Over time, savings equals investment. Government policies from taxation to rules and regulations can encourage or discourage saving and investment. Without investment, there are no new businesses, existing businesses don’t grow, and there are fewer jobs. Also, there is less tax revenues to fund essential government services, and unemployment increases if population growth exceeds the growth of the economy.
Even the lowly “hamburger flipper” needs business investment. To open a fast food restaurant that employees 25 or so people requires a substantial private investment. Just to qualify for a fast food franchise requires that a person have the financial resources to support the investment required. To be even considered for a McDonald’s franchise, you need a financial net worth of $750,000 or more. This means that you have savings excluding your home that’s at least $750,000. Otherwise you won’t qualify for the bank loans etc. needed to start a McDonald’s restaurant.
If you qualify, you need to take some substantial risks and put in a lot of effort. You may have to get some specific training at your expense. You have to find a location that’s approved by the franchise company and sign a lease to rent the property, usually for eight years or so. Then there’s the expense of outfitting the restaurant that could be $200,000 to $1.0 million or more. You may not have all this money so part of this cost would be from a bank loan that you are responsible for. After the restaurant is ready to open, you need to pay for the food and supplies, hire and train workers, and spend long hours managing a business that’s open seven days a week. If you hire others to do this for you, you’d have to pay them for their work.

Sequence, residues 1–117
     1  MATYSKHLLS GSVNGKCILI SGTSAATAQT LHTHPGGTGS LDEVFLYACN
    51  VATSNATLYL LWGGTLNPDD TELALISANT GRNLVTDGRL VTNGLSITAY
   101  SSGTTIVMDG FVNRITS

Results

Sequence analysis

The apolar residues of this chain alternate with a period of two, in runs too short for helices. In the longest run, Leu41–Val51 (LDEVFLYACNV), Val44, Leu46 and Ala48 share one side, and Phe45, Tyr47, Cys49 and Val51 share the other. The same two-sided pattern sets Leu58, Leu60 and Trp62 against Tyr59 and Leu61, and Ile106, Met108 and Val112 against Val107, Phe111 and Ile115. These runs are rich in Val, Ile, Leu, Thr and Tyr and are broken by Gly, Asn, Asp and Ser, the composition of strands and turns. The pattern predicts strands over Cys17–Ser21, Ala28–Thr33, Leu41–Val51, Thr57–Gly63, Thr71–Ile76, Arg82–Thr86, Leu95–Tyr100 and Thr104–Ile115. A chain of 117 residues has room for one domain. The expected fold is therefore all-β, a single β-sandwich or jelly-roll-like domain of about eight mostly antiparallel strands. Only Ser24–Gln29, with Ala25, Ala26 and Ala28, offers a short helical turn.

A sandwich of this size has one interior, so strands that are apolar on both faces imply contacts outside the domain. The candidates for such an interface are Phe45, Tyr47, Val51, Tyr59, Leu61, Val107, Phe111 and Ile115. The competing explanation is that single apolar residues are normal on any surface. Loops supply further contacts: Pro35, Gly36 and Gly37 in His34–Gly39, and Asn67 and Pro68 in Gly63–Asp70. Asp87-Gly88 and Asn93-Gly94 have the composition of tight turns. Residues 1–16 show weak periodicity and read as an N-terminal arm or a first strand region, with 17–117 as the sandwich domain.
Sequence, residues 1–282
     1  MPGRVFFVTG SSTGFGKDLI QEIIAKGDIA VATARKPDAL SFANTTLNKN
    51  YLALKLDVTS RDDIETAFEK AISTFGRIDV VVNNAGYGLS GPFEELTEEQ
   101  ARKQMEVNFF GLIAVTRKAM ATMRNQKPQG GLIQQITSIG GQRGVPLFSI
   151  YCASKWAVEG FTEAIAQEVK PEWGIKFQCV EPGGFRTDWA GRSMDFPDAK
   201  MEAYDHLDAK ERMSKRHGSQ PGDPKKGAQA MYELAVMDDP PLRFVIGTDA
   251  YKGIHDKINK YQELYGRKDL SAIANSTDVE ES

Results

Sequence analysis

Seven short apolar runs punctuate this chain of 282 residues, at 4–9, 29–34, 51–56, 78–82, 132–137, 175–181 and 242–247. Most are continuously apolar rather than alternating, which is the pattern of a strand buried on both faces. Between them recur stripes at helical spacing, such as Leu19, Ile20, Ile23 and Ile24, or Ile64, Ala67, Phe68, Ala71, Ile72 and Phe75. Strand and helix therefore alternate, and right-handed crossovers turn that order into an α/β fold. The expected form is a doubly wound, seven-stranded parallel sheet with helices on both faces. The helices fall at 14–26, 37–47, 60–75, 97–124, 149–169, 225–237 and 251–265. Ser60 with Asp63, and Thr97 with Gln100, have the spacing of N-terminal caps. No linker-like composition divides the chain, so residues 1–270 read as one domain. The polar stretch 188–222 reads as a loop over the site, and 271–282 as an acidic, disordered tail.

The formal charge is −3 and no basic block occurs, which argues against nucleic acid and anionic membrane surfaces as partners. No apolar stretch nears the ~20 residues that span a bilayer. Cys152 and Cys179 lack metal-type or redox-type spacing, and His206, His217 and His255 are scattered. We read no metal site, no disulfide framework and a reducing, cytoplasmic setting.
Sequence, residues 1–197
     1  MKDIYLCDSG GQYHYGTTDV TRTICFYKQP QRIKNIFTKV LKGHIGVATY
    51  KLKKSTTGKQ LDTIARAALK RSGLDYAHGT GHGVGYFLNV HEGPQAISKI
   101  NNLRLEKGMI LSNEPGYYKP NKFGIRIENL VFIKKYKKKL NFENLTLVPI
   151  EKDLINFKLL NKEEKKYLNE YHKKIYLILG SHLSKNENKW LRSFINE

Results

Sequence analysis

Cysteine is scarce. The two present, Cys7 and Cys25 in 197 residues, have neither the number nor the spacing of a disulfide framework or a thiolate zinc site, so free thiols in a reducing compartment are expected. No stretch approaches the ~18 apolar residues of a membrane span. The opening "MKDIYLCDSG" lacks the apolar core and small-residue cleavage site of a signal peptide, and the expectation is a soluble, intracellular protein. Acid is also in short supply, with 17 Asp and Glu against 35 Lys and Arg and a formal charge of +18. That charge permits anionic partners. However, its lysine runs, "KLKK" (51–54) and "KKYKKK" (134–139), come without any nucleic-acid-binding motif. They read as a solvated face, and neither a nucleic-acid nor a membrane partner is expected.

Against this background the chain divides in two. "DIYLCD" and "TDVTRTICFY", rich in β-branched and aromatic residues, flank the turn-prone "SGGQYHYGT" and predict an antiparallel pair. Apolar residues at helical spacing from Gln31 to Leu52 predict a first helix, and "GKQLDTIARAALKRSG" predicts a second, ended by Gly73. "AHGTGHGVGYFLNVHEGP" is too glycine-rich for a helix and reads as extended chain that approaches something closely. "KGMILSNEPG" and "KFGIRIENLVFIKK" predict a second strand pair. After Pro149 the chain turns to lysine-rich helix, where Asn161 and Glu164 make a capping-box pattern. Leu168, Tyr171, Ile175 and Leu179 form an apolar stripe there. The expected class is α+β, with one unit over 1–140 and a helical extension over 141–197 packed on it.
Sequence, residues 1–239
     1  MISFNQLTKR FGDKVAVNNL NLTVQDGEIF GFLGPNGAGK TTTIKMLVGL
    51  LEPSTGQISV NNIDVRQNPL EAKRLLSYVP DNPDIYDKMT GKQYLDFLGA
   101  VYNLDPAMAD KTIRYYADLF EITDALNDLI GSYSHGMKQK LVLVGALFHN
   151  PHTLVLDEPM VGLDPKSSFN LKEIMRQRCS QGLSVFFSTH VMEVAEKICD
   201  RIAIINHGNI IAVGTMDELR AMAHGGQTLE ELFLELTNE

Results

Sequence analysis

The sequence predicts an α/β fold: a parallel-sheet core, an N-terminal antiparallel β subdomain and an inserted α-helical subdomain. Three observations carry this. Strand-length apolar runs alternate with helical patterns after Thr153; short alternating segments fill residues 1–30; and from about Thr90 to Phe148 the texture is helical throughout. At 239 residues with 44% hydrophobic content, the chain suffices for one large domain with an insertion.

All this is required to employ 25 or so low skilled workers who need jobs. The total investment could easily be $20,000 to $40,000 or more per job. Think of what it would cost for other more capital-intensive businesses such as a car dealership, a manufacturing company, a software company, a hospital, or other businesses that require more complex facilities, more expensive high-tech equipment, and other large investments.
Let’s not forget that every new job starts with a private sector investment. Discouraging savings and investment is a jobs killer and also reduces future tax revenues.
* * *
About the Author:
William Fletcher is a business executive with interests in public finance and national security. He retired as Senior Vice President at Rockwell International where most of his career was spent on international operations and business development for Rockwell Automation. Before joining Rockwell, he worked for Bechtel Corporation, McKinsey and Company, Inc., and Combustion Engineering’s Nuclear Power Division, and was an officer and engineer in the U.S. Navy’s nuclear program. His international experience includes expatriate assignments in Hong Kong, Europe, the Middle East, Africa and Canada. In addition to his interest in California’s finances, he is involved in organizations dealing with national security and international relations. Fletcher is a graduate of Tufts University with a BS degree in Engineering and a BA degree in Government. He also graduated from the U.S. Navy’s Bettis Reactor Engineering School.